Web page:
Top Entrepreneurial Lifestyle Adjustments

ENTERDuring my decades as a well-compensated network television producer, I paid all my bills on time and spent money on my share of luxuries, including pricey vacations, restaurants, fitness trainers and fancy health clubs. Oh, those were the days!

In a survey of 1,000 people from across the country for personal training supplier Methodfitness.com, 60 percent of Americans agree that everyone should experience a bit of luxury in their lives. As to the meaning of luxury, more than one-third of people define luxury items as status symbols, and one in six believe luxury is synonymous with good quality. I agree with one respondent who said, “Luxury in my world is all the bills are paid at once.”

When I became a business owner, I had to find ways to drastically reduce my luxury spending to make my new professional life work. I’ll share the three luxuries I gave up to become an entrepreneur and tell you how I went from living a luxury life to living luxury-lite.

1. Luxury life: Health club memberships

I have always loved exercising and have belonged to a gym most of my life, even as a college student. Once I started working and making a good salary, gyms became high-end membership health clubs. In New York City, these clubs are pretty fancy, offering top-of-the-line classes and personal trainers, gourmet foods, spa treatments and more.

The health club initiation and yearly membership fees were almost the cost of a five-star vacation. A crazy splurge, but in my mind, it was worth it. I worked very hard as a producer, and this luxury was for my health. How could I deny myself?

Luxury-lite: Wearable workout equipment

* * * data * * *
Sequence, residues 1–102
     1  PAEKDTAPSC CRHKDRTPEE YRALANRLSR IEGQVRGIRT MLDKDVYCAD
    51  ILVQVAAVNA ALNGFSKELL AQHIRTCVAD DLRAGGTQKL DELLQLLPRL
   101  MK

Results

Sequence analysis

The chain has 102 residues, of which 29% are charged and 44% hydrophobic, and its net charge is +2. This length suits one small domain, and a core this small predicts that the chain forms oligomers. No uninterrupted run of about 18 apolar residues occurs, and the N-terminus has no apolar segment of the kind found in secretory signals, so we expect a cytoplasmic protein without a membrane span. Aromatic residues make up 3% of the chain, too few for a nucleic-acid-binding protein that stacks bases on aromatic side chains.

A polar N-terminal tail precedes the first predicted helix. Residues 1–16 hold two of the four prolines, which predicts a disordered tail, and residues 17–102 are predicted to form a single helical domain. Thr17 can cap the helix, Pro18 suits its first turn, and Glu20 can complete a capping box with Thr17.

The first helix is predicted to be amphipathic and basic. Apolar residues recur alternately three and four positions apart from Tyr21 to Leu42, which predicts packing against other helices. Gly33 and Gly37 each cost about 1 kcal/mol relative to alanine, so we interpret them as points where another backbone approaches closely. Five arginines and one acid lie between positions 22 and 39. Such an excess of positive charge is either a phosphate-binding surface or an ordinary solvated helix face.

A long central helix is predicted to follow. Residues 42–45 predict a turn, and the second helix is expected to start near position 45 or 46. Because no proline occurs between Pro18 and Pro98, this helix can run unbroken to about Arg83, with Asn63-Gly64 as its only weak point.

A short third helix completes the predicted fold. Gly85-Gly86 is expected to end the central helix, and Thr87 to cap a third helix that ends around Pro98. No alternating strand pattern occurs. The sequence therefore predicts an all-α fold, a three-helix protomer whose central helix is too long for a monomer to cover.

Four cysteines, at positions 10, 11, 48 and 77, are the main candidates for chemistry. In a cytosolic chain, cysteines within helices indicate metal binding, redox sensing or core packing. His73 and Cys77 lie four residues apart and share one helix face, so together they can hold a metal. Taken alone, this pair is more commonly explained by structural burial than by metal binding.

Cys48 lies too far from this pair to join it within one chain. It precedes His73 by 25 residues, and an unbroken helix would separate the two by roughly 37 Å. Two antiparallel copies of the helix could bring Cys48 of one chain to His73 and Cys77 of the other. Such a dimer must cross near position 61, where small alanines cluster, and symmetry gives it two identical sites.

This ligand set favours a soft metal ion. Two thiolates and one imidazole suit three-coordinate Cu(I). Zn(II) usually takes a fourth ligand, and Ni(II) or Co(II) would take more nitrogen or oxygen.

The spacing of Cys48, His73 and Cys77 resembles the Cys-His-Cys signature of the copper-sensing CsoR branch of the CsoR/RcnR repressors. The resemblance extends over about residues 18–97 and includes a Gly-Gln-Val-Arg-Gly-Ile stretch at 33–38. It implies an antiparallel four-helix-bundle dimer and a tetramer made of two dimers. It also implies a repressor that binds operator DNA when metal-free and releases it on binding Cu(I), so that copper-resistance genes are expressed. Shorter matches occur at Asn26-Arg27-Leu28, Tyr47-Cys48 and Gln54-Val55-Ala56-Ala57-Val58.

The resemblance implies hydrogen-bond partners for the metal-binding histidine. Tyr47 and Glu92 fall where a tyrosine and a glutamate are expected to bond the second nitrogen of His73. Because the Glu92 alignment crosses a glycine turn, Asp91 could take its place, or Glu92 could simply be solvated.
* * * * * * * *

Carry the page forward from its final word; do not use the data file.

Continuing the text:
As a new entrepreneur, the health club membership wasn’t a necessity. With no more trainers or high-energy sculpt classes, I had to be the keeper of my own workout. I discovered that walking and riding my bike, both free, are good options when it comes to burning calories. Add a Fitbit activity tracker and it’s like having a personal trainer again. Worn on my wrist, the tracker measures my activity data such as calorie intake and calories burned, the number of steps I’ve walked, the quality of my sleep, steps I’ve climbed and other personal intel.

Now I ride my bike daily and walk as much as possible. My version of the Fitbit even has a heart rate monitor. Who needs a trainer? While I still miss my hot yoga group classes, I think my new workout routine is getting the job done.

2. Luxury life: Last-minute vacations

Overall, 43 percent the people surveyed say they treat themselves to luxury items, and on average they do so more than twice a year. Taking a couple of nice vacations a year alone or with friends was standard for me. But I had a habit of booking tickets at the last minute and not trying to negotiate a better deal.

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